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ye desire again to be in bondage. Ye observe days and
months and times and years." He refers to the Jewish
customs to which they were returning after they had
been emancipated from them.

But now for some of the evidences that the day was
changed from the last to the first day of the week.

Christ arose on that day. He visited the disciples
on that day or the following Sunday. Pentecost was on
Sunday. Later Paul wrote to the Corinthians, "Now con-
cerning the collection for the saints, as I have given or-
ders to the churches in Galatia, even so do ye. Upon the
first day of the week let every one of you lay by him in



92 The Divine Life: Its Development and Activities

store, as God hath prospered him that there be no gath-
erings when I come." This shows that their gatherings
were on the first day of the week.

Paul was in Troas seven days and yet it was only
on the first day that "When they were come together to
break bread, Paul preached to them ready to depart on
the morrow." The first day was the day on which they
came together for worship and to celebrate the sacrament
of the Lord's Supper. The apostle John was "In the
Spirit on the Lord's day" and the revelation was given
him on that day.

But we cannot stop for all of the evidence that there
is at hand. Passages in Ezekiel and the Psalms are inter-
preted as presaging the change from the seventh to the
first day of the week.

The change was made in the time of the apostles.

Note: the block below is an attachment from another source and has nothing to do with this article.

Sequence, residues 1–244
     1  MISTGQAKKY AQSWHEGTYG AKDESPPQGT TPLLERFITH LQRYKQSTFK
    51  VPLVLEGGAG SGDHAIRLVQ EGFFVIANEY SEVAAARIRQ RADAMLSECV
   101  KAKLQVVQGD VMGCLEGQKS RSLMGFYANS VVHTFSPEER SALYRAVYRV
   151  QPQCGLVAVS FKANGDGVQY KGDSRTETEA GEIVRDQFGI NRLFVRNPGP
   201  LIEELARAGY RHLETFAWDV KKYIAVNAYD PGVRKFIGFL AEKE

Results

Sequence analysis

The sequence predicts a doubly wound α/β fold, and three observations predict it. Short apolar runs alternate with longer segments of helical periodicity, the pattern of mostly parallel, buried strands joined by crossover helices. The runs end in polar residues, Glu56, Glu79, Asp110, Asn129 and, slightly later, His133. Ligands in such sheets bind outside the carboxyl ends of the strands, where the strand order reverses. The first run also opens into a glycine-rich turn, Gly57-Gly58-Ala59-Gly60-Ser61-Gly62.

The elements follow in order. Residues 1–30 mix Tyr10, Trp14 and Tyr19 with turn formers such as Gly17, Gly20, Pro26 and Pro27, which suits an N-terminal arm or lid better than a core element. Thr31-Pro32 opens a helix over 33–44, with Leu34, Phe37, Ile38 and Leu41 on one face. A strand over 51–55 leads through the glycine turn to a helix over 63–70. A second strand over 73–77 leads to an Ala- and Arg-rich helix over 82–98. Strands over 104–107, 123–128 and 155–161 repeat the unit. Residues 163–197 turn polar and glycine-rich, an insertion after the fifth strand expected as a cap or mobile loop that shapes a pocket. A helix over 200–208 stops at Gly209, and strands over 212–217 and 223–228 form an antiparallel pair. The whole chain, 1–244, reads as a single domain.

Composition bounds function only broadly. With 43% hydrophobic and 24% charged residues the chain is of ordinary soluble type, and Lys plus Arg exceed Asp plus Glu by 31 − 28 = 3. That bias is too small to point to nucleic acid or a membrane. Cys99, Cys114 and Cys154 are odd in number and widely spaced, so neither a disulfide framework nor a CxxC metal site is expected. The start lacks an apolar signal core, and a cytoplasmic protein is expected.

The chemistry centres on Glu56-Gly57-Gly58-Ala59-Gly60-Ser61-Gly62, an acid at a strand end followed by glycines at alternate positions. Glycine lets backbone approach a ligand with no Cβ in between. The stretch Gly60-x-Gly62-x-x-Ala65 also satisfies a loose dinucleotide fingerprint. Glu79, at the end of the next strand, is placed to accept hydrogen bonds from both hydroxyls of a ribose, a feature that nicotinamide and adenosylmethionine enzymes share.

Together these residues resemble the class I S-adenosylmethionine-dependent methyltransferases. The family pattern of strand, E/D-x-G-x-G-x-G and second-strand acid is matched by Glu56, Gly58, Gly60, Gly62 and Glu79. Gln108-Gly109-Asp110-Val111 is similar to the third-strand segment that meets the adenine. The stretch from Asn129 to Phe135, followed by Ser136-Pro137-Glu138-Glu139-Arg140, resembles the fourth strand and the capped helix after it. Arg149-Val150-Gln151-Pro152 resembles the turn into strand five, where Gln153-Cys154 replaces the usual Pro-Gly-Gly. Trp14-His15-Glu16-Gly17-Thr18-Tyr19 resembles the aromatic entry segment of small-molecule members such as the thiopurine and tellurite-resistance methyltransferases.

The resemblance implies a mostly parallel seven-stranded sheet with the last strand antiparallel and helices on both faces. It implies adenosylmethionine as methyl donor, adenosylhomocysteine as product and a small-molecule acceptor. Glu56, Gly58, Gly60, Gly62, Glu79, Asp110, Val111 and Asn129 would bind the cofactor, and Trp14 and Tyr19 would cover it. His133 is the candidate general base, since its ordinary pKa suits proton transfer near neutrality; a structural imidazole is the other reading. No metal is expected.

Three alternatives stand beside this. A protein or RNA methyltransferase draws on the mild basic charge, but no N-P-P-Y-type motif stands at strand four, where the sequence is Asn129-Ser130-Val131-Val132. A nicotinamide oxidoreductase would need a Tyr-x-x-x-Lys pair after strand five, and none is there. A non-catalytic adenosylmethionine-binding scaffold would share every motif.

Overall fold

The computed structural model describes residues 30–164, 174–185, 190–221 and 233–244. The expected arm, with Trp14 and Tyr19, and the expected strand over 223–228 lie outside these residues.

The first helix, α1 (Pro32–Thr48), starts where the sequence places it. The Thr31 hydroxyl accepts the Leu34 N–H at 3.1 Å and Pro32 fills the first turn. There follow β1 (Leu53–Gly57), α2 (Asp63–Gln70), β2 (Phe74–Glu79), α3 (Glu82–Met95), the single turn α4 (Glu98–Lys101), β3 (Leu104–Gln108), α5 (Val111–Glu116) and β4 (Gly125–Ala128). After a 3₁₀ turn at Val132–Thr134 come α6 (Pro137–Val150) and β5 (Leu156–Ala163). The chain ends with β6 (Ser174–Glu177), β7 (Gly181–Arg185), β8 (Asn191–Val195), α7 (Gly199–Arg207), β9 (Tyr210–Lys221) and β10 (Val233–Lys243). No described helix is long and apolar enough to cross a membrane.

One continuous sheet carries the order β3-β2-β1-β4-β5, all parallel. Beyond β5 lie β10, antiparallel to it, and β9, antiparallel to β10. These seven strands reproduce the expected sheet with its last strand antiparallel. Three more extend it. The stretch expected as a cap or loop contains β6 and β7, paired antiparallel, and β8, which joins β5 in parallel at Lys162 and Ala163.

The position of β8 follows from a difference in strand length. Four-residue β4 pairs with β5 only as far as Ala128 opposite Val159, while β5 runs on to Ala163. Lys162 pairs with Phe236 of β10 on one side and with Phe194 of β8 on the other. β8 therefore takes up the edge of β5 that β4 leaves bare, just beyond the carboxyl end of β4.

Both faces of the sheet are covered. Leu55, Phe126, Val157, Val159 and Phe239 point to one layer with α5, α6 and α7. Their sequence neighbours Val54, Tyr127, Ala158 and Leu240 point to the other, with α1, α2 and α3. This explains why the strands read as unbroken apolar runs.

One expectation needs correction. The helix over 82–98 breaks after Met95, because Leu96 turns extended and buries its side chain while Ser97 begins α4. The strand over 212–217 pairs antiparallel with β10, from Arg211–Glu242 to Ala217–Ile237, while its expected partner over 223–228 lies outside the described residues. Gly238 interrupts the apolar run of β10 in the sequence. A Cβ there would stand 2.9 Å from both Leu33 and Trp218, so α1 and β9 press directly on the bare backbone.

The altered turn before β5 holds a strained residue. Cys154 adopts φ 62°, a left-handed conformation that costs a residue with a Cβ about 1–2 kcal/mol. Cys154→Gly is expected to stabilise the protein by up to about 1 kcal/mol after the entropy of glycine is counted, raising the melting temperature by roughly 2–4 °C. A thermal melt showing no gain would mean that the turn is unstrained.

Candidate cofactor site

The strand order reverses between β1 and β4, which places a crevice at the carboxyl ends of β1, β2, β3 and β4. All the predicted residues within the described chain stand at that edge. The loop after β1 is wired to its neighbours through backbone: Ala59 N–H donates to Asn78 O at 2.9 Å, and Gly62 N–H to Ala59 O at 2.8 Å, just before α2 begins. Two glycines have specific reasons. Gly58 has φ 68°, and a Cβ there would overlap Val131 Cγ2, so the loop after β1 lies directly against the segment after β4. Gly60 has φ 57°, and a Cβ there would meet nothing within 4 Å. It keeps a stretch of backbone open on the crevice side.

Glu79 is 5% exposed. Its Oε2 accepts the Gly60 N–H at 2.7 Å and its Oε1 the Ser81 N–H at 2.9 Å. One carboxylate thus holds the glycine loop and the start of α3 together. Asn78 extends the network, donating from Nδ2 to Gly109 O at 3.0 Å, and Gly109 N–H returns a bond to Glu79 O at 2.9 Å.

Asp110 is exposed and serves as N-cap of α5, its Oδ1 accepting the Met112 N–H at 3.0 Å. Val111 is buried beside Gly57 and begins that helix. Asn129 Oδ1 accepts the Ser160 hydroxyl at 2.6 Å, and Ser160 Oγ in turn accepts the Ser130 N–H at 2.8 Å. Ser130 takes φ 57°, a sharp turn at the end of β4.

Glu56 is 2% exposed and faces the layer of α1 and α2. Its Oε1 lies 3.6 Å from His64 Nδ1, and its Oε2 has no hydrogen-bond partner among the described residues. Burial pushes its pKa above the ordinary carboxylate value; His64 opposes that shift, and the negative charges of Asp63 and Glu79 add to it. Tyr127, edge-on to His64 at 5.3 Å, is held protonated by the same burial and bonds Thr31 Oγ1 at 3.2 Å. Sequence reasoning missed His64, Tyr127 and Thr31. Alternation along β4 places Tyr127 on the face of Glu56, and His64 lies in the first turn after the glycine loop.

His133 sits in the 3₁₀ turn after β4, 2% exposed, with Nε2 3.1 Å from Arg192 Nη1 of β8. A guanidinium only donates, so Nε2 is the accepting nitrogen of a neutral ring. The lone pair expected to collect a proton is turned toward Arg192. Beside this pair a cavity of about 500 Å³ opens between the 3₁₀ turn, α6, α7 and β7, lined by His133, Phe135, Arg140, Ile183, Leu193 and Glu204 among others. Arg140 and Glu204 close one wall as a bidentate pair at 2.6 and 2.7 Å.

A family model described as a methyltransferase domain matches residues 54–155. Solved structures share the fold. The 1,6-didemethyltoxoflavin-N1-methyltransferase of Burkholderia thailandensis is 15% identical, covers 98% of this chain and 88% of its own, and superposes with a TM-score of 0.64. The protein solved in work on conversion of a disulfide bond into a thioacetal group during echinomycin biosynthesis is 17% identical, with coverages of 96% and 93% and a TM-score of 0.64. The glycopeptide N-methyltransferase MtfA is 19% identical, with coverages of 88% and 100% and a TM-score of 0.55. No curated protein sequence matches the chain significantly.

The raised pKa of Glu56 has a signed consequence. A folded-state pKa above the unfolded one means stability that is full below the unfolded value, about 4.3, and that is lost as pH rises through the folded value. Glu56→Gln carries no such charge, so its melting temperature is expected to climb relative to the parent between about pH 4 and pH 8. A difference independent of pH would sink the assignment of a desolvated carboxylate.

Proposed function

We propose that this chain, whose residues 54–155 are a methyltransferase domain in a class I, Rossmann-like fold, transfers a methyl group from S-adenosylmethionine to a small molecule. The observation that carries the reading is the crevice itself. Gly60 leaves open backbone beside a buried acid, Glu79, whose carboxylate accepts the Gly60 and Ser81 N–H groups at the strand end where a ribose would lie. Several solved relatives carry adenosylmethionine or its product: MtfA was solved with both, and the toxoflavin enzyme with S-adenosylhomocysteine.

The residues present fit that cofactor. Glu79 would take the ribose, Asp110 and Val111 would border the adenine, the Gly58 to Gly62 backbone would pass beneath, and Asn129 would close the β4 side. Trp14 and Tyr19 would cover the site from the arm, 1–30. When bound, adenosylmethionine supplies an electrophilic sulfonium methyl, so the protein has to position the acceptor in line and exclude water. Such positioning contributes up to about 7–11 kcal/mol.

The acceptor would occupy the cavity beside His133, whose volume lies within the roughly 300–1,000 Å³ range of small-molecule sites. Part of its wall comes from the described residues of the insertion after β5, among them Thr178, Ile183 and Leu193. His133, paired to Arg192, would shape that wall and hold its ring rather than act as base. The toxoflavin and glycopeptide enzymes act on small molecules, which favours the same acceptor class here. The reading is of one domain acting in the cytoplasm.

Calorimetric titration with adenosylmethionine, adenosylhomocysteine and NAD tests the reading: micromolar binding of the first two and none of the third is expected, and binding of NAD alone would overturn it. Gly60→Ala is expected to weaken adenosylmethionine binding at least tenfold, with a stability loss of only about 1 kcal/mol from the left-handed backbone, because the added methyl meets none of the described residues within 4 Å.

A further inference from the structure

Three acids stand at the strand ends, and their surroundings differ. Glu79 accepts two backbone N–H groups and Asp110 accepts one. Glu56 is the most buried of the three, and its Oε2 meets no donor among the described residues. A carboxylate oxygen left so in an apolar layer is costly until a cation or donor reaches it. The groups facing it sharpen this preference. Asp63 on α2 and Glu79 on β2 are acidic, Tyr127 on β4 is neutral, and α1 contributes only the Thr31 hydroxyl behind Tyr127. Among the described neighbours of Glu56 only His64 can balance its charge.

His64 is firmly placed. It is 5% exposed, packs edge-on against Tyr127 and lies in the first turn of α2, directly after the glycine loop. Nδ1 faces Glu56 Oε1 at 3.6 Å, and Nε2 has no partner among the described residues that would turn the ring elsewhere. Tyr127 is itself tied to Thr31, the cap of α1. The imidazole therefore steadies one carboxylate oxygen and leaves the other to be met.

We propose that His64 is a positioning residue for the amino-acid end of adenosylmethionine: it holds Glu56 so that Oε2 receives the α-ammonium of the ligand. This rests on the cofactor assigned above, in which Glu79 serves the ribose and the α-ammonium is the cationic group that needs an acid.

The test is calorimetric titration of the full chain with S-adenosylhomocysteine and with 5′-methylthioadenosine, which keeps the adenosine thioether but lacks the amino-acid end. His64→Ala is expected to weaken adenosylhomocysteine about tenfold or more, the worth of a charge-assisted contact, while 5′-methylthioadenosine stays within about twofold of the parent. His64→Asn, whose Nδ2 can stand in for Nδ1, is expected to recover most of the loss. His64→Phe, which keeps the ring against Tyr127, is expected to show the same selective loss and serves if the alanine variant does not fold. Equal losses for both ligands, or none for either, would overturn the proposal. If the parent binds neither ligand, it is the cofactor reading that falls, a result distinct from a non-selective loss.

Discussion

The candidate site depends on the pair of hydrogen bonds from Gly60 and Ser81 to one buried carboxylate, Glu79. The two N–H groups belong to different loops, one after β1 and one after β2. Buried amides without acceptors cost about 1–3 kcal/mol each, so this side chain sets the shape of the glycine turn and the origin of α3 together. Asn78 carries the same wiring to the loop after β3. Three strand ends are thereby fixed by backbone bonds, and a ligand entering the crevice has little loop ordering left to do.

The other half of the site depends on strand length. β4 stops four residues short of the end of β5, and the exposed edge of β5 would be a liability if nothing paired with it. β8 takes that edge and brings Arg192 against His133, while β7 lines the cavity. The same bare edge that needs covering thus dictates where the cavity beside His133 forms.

Ignatius, who was a pupil of John, says that those who
have come to the newness of hope, no longer keep the
Jewish Sabbath but observe the day on which the Lord
arose. Barnabas, a companion and friend of Paul,
teaches the same truth.

A writer of the Jewish talmud speaks of the Lord's
day as the Christian's day and defines the name Nazarine
or Christian as being a follower of the man who com-
manded that the first day of the week should be a holy
day.

This is the day that the people of the Lord observe
as holy according to the writer of the epistle to the Pie-
brews. It is not only Sabbath but "Sabbatismos," a Sab-
bath keeping. It seems not so much enjoined by law as
a voluntary heartkeeping of the day "the Lord arose."

With regard to the manner in which it is to be ob-
served, there does not seem to be any inflexible rule laid
down under penalty, as in the case of Jewish Sabbath.



The Divine Life : Its Development and Activities 93

But one thing is certain, if one really loves the Christ
and desires to grow in Christ likeness, he will observe
the day as sacredly as possible.

Farther than this, while our complex modern civil-
ization renders much more work of necessity or mercy
necessary than in simpler conditions, it is probably true
that a needless desecration of the day that weekly com-
memorates the resurrection of our Lord, deeply grieves
the One who died to save us and is as offensive to God as
the one that was punished with death at Sinai.

"Remember the Sabbath day to keep it holy" for the
Sabbath was made for man in the highest sense of the
term in his spiritual as well as his physical nature.



CHAPTER XI.

Some Thoughts on The Second Coming of Christ.

"If I go away, I will come again and receive you unto
myself." (John 14:3.)

A consideration of this much discussed subject may-
be in place in connection with the final activities of the
Divine life.

Some ideas upon this subject are evidently mista-
ken. One of these is as to his present mode of existence.
We have heard it stated that now, somewhere in this
physical universe, he exists in the physical, material body
that he wore while on the earth before. It is affirmed
that he never left it off, that he ascended to heaven in it
and now inhabits it. and that he will visit the earth again
in it. This is, evidently a mistaken idea. The proto
martyr Stephen saw him "Sitting on the right hand of
God." He was probably not in his material body. But
however that may be, Saul saw him while on his way to
Damascus and it was not in the material body. He was
the shekinah cloud and heard him speak. "Saul, Saul, why